Even before his death in July 2018, Claude Lanzmann was always easier to imagine in retrospect. He remained a public figure into his nineties, and a valuable one at that: thoughtful, eloquent, combative when necessary. His work, though, was dominated by two time periods. The first was the period from 1941-45, the extermination of European Jews at the hands of the Nazis, which six of his ten films as director are about. The second is the period from 1974-85, when Lanzmann shot his landmark film Shoah.
Perhaps no one film has altered its director’s career as much as Shoah did Lanzmann’s. It provided material he returned to again and again, both figuratively, in the sense that he returned to the Holocaust as subject matter, and literally, in that many of his later films are based around interviews filmed for, but cut from, Shoah. The idea of watching the outtakes from a nine-hour film sounds ridiculous – can there really be anything left to say after 566 minutes? Yet Lanzmann’s later films have frequently offered new insight into his project, and his final film The Four Sisters – released on Blu-Ray from Eureka Masters of Cinema – is no exception.
As the title suggests, The Four Sisters consists of four interviews with female Holocaust survivors, each of which is viewable as a standalone film. (The films are spread across two discs) Part of Shoah‘s mystique lies in its status as one of the longest films ever made; its run-time alone is an argument that, in order to properly address this event, we must step outside of the film industry’s commercial considerations. The Four Sisters‘s format takes it outside of cinema entirely; it was first aired on the French television channel ARTE as a miniseries, though it has had a theatrical run.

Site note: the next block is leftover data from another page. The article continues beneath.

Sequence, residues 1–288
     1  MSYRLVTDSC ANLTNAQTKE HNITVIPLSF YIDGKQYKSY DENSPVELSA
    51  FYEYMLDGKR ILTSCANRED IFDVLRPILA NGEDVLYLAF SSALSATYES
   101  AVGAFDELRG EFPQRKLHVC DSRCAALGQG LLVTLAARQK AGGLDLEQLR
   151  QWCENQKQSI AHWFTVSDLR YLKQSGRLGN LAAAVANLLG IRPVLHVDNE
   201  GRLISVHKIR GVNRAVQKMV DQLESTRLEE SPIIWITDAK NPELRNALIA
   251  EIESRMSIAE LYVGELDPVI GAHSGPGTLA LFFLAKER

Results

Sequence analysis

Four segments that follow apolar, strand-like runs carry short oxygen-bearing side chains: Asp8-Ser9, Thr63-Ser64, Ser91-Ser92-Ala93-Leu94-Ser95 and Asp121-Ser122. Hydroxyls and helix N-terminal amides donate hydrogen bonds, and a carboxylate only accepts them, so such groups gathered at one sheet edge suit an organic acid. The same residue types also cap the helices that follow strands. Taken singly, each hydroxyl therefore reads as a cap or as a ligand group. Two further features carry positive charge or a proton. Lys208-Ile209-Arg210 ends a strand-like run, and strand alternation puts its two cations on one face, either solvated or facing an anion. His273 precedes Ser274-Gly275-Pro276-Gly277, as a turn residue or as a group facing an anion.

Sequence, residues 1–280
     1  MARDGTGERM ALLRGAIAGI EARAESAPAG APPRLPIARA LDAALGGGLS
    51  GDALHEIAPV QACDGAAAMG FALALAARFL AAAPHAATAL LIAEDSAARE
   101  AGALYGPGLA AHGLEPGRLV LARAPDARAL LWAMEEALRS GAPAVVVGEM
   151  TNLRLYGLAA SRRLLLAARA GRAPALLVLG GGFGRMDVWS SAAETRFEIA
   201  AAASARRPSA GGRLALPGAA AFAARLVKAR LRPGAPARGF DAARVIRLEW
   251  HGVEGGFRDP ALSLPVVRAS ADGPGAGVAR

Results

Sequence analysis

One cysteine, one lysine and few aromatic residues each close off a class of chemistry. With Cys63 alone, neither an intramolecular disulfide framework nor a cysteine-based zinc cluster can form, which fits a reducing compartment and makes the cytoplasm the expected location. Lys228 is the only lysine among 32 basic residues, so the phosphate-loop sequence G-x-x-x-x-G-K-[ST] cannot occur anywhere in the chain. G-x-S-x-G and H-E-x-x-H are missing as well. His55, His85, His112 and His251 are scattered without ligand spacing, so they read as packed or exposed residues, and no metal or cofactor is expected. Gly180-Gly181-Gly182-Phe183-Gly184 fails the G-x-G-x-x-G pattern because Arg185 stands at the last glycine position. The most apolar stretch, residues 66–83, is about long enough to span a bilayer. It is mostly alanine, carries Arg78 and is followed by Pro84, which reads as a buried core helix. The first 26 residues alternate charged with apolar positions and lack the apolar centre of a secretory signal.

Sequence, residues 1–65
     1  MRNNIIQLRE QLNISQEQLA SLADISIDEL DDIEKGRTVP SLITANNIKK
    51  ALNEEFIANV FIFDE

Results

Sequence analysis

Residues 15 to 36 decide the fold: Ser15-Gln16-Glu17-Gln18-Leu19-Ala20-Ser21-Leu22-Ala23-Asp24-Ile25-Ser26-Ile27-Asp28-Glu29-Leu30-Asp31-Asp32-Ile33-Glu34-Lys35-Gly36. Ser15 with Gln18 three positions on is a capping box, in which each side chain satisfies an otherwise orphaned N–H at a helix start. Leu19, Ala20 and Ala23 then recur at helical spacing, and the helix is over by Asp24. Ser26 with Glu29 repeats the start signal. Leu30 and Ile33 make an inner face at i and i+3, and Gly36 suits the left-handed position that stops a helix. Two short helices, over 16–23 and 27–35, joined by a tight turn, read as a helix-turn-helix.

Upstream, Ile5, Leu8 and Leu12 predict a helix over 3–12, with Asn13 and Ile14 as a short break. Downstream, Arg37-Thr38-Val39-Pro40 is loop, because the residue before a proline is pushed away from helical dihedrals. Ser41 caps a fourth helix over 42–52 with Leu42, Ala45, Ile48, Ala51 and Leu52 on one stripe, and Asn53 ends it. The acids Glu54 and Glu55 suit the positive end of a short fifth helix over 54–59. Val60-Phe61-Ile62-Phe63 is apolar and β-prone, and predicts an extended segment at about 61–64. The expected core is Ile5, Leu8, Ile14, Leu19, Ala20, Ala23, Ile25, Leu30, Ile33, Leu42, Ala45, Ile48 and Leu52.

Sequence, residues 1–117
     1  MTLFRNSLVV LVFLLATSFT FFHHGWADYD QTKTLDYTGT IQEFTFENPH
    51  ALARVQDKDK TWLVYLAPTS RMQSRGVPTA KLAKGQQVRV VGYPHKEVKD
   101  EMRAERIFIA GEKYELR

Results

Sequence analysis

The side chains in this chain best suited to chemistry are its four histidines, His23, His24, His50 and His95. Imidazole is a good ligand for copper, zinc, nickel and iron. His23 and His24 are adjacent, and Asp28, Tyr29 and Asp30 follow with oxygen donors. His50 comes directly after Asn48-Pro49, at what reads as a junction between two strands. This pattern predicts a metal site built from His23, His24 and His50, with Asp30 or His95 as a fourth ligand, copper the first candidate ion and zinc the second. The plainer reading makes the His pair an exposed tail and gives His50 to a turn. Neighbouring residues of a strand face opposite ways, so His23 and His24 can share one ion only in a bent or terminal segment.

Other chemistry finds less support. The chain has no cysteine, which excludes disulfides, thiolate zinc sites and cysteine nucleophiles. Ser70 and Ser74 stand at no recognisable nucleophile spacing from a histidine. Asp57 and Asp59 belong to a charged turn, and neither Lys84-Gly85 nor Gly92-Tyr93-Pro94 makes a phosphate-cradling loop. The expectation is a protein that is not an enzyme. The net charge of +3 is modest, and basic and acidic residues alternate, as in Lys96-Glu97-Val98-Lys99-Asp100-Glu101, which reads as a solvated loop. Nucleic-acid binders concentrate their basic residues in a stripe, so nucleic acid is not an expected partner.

Strangely, seeing Lanzmann’s work in bite-size chunks only refocuses your attention on how boldly minimalist it is. Shoah is austere – no archive footage, no reconstructions, nothing but present-tense interviews – but it has the feel of a grand tapestry. The interviews in The Four Sisters are chamber pieces, often taking place in domestic settings, with women calmly explaining the inconceivable horrors they’ve suffered. When Hannah Marton cries in the final episode, ‘Noah’s Ark’, you reflect on how incredible it is that these are the first tears shed in the film.
There’s little point discussing the testimony in depth. It deserves to be heard in context, and there’s not much that can be said about it other than it’s as harrowing as you would expect. The first segment, ‘The Hippocratic Oath’, is the longest and most disturbing. It tells of a nurse in Theresienstadt who fell into the orbit of Josef Mengele, and builds to an almost unbearable ending. Lanzmann’s long-standing refusal of archive footage or reconstructions feels particularly merciful here. ‘The Hippocratic Oath’s interviewee, Ruth Elias, casts another shadow over the rest of the film; her impromptu accordion recital is used on the soundtrack to introduce later episodes.
Throughout the film you can see Lanzmann trying to find the thematic structure of Shoah. In ‘Bałuty’, he interviews Ada Lichtman, a Holocaust survivor who moved to America after finding it impossible to forgive Europe for what it had done to her. This idea of continental guilt recurs again and again in Lanzmann’s work, most contentiously in its treatment of Poles. While some of the Polish criticism of Shoah was driven by base nationalism, some of it wasn’t – the Polish resistance hero Jan Karski was angry enough to pressure Lanzmann into making a second, standalone film from the interview he gave. Personally, I was uneasy about Lanzmann’s questioning of Paula Biren in ‘The Merry Flea’. When Biren says that not all of her Polish captors were cruel, Lanzmann prods at her, trying to get her to say that the majority of them were. It’s an off-putting moment, not least because it detracts from the wise and provocative point Biren is making; it doesn’t matter, ultimately, whether the soldiers who captured her were fanatical anti-Semites or not. They were in a system that was designed to inflict cruelty, and which did so. The content of their hearts was immaterial.
Most of The Four Sisters, thankfully, allows you to reflect on the positive qualities of Lanzmann’s work. He was a diligent, careful interviewer who maintained a cool head while listening to stories that are near-unbearable. In ‘Bałuty’ he goes for a long walk along the beach with his interviewee, and the effect is almost surreal; two charming, chic, cosmopolitan middle-aged people having a casual chat about one of humanity’s worst ever crimes. It restates the essential point of Lanzmann’s entire body of work; that even here, even now, the stain of the Holocaust is present.